“The era of the French is counted from the Republic, which took place September 22, 1792..., at 9:18:30 in the morning.” According to the decree of the National Convention quoted above, the French replaced the birth of Christ with the declaration of the republic and started counting their era from that date. The era became known in history as the French Republican Calendar, with 12 months of 30 days each. Like ancient Slavs, the French named their months after weather phenomena and seasons: windy, snowy, hot, etc. The five or six extra days needed to complete a year were called holidays, which celebrated genius, labor, virtue, honors, opinion, and in leap years – also the Revolution Day, with all the holidays celebrated in the former September.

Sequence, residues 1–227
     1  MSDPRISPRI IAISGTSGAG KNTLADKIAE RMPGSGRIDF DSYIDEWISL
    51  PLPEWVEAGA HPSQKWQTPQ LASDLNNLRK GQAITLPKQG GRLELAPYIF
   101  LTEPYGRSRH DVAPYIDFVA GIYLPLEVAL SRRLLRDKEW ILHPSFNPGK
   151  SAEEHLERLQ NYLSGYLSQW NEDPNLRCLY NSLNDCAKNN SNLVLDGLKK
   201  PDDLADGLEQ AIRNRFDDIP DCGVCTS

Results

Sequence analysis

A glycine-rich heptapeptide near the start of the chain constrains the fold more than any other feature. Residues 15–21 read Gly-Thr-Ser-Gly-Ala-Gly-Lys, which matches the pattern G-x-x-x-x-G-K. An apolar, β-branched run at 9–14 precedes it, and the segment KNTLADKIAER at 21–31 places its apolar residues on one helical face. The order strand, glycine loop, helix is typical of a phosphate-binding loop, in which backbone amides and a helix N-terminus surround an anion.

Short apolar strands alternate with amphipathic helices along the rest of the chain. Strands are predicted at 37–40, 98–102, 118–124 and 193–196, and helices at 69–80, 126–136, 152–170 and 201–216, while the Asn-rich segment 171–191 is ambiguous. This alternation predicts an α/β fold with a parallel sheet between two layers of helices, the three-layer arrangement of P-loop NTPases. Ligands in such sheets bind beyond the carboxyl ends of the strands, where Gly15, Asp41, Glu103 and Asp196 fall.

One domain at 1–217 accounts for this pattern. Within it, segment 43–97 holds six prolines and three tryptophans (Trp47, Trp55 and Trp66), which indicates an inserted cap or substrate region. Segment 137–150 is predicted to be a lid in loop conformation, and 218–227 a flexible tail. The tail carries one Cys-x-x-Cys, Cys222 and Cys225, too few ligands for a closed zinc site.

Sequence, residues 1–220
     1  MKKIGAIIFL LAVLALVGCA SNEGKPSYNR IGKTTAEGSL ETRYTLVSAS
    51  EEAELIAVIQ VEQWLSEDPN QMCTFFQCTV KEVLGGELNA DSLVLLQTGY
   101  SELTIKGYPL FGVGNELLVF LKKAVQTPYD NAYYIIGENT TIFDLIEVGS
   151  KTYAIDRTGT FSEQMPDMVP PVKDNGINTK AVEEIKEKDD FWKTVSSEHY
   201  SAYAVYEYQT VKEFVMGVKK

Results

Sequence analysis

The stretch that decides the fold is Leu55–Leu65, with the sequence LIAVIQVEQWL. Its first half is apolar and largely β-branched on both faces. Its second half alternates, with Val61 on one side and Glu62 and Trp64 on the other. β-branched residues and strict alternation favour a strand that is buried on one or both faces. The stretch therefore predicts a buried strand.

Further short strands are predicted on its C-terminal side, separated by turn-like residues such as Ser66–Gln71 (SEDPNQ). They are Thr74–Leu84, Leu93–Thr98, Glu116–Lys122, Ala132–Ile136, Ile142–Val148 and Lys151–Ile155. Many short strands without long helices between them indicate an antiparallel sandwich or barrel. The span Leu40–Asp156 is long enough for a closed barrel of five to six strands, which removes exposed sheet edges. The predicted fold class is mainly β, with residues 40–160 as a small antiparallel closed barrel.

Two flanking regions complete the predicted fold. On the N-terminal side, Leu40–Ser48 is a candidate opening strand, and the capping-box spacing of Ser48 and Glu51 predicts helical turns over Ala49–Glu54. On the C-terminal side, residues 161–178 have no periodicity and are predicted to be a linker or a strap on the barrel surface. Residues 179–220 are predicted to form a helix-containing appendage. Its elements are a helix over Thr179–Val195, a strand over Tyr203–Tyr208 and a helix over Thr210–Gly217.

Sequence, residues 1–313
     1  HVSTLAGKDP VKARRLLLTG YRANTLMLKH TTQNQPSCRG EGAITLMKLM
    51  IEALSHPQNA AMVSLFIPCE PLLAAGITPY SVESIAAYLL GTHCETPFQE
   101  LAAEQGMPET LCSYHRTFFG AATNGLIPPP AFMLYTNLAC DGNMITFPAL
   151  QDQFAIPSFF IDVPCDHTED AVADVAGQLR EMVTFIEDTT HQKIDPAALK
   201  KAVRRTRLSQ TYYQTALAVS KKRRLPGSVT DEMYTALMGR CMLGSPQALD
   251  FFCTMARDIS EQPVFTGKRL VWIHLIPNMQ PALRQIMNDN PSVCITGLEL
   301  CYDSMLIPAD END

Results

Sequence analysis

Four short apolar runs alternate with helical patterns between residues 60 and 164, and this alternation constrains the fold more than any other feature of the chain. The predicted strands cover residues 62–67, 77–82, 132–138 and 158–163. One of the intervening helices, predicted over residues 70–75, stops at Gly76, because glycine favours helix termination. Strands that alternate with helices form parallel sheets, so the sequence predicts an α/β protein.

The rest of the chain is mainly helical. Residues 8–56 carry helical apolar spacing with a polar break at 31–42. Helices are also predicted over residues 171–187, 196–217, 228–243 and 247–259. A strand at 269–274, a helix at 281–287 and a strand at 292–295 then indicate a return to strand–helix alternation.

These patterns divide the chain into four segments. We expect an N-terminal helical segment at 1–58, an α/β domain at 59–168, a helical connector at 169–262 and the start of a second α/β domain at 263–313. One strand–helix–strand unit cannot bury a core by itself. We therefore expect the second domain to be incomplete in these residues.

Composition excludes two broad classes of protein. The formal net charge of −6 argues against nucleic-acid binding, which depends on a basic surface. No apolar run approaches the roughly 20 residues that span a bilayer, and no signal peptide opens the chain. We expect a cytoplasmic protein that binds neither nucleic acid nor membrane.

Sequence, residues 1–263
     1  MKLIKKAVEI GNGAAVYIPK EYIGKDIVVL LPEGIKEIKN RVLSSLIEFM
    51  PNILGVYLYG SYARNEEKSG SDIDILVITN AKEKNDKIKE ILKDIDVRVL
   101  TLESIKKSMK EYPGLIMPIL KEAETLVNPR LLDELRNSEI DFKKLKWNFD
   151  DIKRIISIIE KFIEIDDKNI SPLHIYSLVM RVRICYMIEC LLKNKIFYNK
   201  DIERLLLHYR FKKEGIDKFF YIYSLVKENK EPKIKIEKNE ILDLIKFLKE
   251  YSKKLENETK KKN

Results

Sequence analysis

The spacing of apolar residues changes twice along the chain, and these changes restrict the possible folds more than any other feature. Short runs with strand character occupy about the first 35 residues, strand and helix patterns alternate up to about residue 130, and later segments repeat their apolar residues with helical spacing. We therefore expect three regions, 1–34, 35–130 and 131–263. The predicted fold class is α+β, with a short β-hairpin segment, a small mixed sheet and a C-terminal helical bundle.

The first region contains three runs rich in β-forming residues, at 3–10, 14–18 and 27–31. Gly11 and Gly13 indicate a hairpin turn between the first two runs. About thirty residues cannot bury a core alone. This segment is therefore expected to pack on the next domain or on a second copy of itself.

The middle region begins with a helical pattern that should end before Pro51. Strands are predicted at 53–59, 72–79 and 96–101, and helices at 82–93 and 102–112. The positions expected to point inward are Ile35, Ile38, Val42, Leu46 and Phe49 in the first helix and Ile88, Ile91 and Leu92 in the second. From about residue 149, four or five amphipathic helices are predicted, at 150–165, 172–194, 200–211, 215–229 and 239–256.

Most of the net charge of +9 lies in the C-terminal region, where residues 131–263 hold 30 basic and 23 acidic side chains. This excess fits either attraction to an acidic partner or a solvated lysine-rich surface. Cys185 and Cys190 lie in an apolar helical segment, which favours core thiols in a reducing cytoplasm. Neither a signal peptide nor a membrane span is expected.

Why did they do this? It was explained in a special decree: “The usual calendar… only served to celebrate… enslavement of the nation, shameful triumphs of pride, vice, stupidity … The French are starting their era from the foundation day of liberty and equality….”
The French tormented themselves with the new calendar for as long as 13 years. On December 31, 1805, they went back to the old Gregorian Calendar.